Investment operations: a critical link

An investment operation area deals with a high level of complexity on a daily basis — arguably more complexity than any other area in a fund management company. It provides a critical link between the front office and the back office and interacts regularly with all the service providers to a fund, from the transfer agent to the pricing services, from the independent auditor to the prime broker. (For more on the sources of complexity in investment operations, read the excerpt from The Fund Industry: How Your Money is Managed below.)

On May 19, NICSA is sponsoring its third Investment Operations Seminar. Please join us to hear speakers from Citi, Mercer Sentinel Group, State Street Corporation, Goldman Sachs & Co., Wellington Management, Eaton Vance Management, Brown Brothers Harriman, The Depository Trust & Clearing Corporation and MFS Investment Management. They’ll talk about some of the toughest issues that investment operations professionals are facing today: balancing operational efficiencies with customization, globalization and corporate actions management.

Details
NICSA Investment Operations Seminar
Thursday, May 19
8 am to 11:30 am
The Downtown Harvard Club
One Federal Street, 38th Floor, Boston
For more information and to register, click here.

For an overview of investment operations, we’ve included an excerpt from The Fund Industry: How Your Money is Managed, by Robert Pozen, chairman emeritus of MFS, and Theresa Hamacher, president of NICSA. The book, an update of the definitive text on the fund business, was published by Wiley in February 2011. NICSA members can order at a discounted price by clicking here.

Investment Operations: A Critical Link

A key role in portfolio processing is played by the investment operations area—also known as the investment back office—which handles all the operation support for a portfolio management team. Investment operations professionals must deal with a high level of complexity in three ways:

1. They are responsible for many different types of accounts. A portfolio team may oversee separately managed accounts, collective trust funds, hedge funds, single client accounts, and offshore funds, such as European UCITS funds—all in addition to 1940 Act mutual funds. Each type of account is governed by different regulations, and each individual fund will have its own set of investment policies and restrictions.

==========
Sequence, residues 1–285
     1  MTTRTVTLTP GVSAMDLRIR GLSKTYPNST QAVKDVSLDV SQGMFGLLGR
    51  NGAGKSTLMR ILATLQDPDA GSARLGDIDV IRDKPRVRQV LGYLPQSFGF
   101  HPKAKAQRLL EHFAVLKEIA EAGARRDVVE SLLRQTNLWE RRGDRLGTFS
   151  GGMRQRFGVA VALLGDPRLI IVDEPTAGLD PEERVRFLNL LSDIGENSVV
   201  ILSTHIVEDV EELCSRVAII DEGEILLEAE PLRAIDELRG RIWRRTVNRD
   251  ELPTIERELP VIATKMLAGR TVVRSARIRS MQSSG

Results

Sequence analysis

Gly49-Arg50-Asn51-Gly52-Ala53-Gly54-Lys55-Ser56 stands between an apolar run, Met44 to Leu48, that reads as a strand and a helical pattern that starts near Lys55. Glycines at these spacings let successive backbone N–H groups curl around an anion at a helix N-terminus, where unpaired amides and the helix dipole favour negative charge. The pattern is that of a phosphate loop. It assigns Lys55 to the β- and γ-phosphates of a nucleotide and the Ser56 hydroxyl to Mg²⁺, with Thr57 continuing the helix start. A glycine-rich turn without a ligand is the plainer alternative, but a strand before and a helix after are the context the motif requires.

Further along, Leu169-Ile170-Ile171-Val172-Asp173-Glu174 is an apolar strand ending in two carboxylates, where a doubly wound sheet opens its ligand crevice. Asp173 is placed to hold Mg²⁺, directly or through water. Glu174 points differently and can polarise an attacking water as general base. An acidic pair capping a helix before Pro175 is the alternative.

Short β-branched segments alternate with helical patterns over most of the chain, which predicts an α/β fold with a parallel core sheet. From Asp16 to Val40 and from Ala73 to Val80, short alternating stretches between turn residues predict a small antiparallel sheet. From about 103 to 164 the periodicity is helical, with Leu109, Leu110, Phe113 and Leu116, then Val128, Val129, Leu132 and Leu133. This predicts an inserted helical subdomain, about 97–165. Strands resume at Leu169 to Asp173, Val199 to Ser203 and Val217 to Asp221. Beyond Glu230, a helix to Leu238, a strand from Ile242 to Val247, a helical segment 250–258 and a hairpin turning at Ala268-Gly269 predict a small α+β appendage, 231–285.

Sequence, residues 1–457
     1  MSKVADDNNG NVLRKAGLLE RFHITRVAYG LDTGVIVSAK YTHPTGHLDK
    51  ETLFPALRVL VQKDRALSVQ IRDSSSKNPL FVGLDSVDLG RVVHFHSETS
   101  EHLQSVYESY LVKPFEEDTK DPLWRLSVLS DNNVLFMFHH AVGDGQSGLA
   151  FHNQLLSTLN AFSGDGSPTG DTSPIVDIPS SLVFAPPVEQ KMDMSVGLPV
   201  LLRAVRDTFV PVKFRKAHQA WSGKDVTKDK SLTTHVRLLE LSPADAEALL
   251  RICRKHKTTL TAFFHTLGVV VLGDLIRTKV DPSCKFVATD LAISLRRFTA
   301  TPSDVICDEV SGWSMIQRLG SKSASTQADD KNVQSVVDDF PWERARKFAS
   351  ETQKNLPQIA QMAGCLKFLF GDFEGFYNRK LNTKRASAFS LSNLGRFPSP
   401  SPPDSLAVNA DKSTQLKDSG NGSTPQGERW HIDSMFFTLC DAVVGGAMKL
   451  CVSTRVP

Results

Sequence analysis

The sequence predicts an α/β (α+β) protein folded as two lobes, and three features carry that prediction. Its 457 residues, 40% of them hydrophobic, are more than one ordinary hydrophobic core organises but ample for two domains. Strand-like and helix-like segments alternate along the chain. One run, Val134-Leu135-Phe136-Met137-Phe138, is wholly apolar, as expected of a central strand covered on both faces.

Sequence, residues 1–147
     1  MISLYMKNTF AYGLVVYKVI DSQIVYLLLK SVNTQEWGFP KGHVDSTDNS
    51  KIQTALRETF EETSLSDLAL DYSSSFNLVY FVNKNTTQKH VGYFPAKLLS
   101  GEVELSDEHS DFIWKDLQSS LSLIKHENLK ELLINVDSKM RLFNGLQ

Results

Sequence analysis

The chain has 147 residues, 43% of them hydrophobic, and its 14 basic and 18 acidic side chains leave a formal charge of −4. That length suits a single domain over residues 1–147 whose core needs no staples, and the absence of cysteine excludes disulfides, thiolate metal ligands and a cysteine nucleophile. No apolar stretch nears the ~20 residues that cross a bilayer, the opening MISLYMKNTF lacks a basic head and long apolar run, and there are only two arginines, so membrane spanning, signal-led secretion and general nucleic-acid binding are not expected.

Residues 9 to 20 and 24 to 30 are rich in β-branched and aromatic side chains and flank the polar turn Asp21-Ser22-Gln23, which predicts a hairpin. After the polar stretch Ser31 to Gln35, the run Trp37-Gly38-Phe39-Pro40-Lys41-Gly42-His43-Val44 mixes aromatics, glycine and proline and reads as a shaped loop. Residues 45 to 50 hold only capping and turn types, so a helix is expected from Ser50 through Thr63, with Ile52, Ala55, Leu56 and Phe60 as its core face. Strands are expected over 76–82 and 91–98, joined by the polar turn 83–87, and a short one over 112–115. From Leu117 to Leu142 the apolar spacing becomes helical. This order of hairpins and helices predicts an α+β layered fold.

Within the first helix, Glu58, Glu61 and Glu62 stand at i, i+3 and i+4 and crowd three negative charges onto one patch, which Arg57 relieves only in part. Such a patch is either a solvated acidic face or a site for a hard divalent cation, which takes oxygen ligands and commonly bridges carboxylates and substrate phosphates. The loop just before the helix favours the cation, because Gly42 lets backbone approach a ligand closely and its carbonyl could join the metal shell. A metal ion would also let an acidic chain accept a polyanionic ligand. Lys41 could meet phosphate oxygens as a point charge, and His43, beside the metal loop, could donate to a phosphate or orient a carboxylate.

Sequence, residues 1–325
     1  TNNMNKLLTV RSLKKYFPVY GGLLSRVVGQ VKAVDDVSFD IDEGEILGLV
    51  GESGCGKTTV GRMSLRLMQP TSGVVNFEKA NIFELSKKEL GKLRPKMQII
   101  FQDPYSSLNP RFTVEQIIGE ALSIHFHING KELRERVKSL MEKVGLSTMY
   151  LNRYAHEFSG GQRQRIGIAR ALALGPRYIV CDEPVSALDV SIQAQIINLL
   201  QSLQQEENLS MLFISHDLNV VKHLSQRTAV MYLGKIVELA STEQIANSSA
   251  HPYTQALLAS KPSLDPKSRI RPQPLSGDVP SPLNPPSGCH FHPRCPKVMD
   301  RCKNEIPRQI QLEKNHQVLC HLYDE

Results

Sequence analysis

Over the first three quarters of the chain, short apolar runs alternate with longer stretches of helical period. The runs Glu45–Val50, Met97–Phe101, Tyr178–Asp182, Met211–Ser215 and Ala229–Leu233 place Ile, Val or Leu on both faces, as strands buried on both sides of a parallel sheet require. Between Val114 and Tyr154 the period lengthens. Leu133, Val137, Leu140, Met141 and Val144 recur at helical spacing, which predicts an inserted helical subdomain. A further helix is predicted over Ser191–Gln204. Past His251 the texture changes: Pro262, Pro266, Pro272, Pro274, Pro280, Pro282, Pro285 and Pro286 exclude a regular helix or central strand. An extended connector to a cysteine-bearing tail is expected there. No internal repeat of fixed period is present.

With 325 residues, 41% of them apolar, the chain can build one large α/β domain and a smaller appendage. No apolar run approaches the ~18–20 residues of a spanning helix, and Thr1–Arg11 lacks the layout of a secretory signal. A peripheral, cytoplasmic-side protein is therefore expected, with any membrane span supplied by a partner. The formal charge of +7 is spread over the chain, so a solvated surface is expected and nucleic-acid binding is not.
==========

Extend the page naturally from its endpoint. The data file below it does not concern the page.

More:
2. Investment operations will keep track of many different types of securities, some with complex features. Derivatives pose particular challenges. Funds using derivatives may have to post collateral or to make or receive payments based on market movements during the term of the contract. Many of these instruments are customized to the particular needs of a fund, and investment operations must stay on top of all their unique features. Because the complexity of the derivatives market increased the strain on the financial system during the credit crisis, the Dodd-Frank financial reform legislation passed in 2010 encourages greater use of standardized derivatives—which might help reduce the stress on investment operations professionals as well.

3. Finally, investment operations must interact with many different parties, including the trading desk, fund accounting, the custodian, and the broker-dealers who execute transactions for the fund. If the fund uses derivatives extensively, it may also have a prime broker, which is a broker-dealer that coordinates centralizes settlement and collateral for those instruments. Investment operations will help to coordinate the work of all these service providers and serves as a critical link among them.

Excerpted with permission of the publisher John Wiley & Sons, Inc. from The Fund Industry: How Your Money is Managed. Copyright © 2011 by Robert Pozen and Theresa Hamacher. This book is available at all bookstores, online booksellers and from the Wiley web site at www.wiley.com, or call 1-800-225-5945.



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